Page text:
At the occasion of the 150th birthday of the Russian painter Alexejvon Jawlensky (1864-1941) a special anniversary exhibition was opened in the Wiesbaden museum under the title “Horizon Jawlensky 1900 -1914”.The anniversary exhibition reflects the early work of the painter in the mirror of his early artistic encounters. Under the patronage of the President of the German Federal Republic Joachim Gauck it was promoted by the former Mayor of Wiesbaden Dr. Müller and the actual municipal cultural representative of the city of Wiesbaden, Dr. Lore- Rose Scholz as well as by other cultural foundations. A total of 180 exhibits are shown including 100 works by the painter Jawlensky and 80 works from various pioneers in the art of painting who shaped the oeuvre of the painter.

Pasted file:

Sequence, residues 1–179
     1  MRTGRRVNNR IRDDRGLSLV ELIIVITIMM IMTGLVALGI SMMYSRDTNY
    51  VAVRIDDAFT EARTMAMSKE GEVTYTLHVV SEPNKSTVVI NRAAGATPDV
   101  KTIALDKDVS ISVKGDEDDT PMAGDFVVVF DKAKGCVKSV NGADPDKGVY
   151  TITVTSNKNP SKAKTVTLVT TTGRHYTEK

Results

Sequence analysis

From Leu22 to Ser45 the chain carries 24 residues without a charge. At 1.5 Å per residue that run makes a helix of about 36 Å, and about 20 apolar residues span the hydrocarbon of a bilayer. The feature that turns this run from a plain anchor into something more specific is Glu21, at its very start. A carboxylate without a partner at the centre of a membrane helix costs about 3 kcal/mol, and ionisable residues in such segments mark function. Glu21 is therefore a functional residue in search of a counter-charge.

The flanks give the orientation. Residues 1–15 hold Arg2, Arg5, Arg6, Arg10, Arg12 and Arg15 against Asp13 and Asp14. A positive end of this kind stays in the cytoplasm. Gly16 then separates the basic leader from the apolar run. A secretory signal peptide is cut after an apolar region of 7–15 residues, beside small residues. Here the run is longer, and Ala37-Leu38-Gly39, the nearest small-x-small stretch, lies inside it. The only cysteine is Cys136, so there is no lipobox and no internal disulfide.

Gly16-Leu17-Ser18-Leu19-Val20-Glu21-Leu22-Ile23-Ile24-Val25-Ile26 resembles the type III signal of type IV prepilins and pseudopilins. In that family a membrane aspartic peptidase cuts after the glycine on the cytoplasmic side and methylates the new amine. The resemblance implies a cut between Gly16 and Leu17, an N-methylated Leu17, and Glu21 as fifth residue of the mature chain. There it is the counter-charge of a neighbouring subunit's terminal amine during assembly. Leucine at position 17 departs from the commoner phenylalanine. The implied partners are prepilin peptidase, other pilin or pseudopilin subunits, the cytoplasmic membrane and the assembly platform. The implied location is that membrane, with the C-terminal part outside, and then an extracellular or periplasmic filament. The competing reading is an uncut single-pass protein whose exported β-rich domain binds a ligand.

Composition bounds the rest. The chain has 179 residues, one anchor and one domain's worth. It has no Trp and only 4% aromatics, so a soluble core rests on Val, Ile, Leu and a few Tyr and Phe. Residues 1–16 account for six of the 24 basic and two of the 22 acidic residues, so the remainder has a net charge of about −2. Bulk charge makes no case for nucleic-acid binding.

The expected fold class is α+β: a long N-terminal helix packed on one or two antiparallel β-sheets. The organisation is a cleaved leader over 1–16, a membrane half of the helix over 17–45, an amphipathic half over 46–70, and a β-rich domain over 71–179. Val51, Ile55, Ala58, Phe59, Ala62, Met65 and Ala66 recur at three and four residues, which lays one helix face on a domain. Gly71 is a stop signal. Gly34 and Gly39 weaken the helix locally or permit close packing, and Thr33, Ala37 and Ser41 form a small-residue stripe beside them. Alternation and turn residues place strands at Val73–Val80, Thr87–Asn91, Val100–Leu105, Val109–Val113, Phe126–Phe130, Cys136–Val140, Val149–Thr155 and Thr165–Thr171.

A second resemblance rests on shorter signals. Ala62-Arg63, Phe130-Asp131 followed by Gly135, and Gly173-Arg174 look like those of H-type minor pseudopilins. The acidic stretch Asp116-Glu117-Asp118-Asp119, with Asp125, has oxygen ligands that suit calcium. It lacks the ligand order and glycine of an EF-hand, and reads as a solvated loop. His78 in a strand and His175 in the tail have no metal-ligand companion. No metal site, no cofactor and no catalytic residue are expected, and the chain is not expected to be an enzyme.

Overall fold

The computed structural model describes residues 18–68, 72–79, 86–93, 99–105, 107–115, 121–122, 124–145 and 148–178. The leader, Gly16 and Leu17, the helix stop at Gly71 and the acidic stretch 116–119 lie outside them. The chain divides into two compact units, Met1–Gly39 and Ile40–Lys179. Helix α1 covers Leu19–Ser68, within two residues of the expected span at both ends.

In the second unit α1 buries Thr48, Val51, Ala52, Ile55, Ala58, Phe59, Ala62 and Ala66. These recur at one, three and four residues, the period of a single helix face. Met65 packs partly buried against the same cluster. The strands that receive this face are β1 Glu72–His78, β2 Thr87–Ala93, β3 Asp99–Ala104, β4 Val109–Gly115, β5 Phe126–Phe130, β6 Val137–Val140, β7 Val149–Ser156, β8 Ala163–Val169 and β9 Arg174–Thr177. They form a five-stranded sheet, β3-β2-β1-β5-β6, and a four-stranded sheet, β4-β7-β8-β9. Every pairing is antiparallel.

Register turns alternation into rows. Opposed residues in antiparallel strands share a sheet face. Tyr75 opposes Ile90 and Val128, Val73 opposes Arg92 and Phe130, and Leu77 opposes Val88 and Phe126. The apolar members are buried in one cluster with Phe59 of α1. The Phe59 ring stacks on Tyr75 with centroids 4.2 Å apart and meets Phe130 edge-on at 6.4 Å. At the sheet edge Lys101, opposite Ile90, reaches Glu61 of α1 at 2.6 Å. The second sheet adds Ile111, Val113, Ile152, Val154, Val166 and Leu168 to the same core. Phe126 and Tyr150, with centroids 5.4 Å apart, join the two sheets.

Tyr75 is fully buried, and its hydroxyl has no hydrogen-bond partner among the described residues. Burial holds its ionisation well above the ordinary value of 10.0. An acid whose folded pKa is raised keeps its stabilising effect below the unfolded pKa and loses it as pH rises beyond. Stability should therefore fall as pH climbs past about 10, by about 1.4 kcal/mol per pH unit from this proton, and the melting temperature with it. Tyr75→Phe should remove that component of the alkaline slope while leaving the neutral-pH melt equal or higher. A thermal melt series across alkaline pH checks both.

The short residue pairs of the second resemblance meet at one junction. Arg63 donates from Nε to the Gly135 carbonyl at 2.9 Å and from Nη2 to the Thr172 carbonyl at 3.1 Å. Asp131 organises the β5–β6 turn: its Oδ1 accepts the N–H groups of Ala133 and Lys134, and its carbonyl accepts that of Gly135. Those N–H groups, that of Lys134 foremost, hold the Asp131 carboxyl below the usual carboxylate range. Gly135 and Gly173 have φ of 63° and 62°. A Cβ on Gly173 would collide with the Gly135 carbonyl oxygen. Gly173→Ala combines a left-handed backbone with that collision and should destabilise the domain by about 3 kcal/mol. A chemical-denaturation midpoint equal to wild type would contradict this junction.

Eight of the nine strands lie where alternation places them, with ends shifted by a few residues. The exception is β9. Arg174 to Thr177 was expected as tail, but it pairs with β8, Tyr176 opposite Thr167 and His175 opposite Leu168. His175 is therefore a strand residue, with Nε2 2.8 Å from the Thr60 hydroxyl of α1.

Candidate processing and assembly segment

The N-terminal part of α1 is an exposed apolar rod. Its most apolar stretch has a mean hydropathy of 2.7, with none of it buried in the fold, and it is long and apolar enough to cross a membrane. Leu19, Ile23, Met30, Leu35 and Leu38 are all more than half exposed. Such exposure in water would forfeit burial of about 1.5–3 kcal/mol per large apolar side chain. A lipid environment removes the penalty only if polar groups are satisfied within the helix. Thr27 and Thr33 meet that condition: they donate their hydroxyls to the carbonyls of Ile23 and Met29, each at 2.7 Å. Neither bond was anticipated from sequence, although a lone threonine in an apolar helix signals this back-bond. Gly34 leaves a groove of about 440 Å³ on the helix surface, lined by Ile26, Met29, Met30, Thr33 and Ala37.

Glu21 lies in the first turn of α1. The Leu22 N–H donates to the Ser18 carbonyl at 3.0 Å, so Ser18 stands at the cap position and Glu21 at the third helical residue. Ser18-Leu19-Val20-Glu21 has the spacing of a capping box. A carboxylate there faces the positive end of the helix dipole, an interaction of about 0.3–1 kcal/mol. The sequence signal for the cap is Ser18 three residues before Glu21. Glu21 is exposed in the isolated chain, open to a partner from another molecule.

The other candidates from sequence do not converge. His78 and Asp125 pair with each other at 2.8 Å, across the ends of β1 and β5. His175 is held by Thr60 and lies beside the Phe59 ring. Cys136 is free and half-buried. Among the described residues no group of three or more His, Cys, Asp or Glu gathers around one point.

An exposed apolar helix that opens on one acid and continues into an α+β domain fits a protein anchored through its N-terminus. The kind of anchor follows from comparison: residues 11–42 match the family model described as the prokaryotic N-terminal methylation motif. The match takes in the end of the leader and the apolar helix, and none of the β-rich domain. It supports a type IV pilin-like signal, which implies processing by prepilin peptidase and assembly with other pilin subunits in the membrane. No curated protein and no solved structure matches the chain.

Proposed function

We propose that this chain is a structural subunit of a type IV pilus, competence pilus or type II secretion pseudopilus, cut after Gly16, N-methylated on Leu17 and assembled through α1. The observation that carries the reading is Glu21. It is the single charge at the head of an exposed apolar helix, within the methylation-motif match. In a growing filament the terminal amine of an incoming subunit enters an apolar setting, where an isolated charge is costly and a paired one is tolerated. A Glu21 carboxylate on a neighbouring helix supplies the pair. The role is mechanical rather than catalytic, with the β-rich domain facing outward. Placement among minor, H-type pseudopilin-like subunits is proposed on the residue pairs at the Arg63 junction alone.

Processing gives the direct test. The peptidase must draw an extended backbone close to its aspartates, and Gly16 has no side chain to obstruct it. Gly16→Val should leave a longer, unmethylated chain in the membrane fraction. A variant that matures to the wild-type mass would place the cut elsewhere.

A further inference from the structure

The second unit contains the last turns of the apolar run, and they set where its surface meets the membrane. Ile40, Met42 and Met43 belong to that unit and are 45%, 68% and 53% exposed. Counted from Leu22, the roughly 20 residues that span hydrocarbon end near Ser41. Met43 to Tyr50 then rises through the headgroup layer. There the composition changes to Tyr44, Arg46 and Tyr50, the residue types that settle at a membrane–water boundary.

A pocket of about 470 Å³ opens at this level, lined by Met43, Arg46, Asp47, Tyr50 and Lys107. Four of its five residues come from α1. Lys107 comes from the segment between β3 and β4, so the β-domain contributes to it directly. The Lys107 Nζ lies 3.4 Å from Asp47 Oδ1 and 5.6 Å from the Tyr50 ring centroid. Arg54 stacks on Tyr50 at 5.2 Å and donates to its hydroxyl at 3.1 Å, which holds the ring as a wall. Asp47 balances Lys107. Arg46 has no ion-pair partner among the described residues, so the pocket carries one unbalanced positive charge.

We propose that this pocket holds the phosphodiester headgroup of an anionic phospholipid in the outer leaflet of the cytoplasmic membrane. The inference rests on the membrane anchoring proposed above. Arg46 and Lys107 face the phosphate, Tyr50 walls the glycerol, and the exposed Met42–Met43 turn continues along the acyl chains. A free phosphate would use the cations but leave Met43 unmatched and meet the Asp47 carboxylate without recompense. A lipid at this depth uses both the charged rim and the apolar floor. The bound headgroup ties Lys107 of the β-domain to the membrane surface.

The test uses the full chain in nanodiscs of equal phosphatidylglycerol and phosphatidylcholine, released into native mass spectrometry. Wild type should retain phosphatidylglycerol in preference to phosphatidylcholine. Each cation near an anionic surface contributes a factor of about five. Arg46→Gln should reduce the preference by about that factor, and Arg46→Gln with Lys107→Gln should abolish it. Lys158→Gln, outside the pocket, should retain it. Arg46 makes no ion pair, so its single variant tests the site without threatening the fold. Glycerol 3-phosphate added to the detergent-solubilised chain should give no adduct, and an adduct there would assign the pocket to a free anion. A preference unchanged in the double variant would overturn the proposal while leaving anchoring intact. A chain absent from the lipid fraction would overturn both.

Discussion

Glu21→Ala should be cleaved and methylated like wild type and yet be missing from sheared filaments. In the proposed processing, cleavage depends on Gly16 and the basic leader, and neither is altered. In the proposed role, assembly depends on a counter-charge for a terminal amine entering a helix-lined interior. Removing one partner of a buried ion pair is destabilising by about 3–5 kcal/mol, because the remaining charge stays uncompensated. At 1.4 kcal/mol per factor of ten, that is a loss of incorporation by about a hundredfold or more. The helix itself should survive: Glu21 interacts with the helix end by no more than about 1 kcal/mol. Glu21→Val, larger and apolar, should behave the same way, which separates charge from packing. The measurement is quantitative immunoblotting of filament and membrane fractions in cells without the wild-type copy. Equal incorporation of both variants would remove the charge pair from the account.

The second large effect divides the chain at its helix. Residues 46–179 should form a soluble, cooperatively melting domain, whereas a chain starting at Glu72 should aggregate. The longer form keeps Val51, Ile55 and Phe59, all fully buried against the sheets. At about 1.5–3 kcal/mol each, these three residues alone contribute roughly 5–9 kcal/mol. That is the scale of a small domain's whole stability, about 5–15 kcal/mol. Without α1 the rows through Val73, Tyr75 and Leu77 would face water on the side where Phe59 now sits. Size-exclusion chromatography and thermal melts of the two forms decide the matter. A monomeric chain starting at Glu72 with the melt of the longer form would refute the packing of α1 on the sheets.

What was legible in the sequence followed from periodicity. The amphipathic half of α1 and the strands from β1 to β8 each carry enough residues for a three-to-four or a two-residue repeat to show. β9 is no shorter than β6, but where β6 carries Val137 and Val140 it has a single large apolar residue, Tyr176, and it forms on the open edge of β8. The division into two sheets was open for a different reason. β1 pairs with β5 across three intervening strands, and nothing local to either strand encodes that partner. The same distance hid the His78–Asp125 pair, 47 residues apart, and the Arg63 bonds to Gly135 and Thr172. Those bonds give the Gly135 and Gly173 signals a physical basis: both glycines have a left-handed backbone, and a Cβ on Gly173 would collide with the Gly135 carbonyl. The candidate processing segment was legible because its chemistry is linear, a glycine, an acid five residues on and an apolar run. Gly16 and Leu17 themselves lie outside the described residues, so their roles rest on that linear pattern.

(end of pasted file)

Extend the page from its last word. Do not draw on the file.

An important highlight in the commemoration of Jawlenskys 150th anniversary was a birthday Gala which was organized end of March by the Wiesbaden based Russian- German Cultural association HERUS (Hessen- Russia intercultural association) in the hall of the Museum of Wiesbaden. The importance of the event, to which representatives of the Russian- German cultural scene, the German –Pushkin Society and the Consul General of the Russian Consulate in Frankfurt RuslanKarasanov were invited, must be seen on the background of the actual events in Ukraine and the beginning alienation in the German –Russian relations. This gap can only be overcome by an intensified cultural dialogue. From this perspective the exhibition gains some extra weight.The Curator of the exhibition, Dr.Roman Zieglgänsberger and his scientific assistant Vera Klewitz succeeded in giving an impressive guide, which introduced the guests into the thinking and oeuvre of the painter.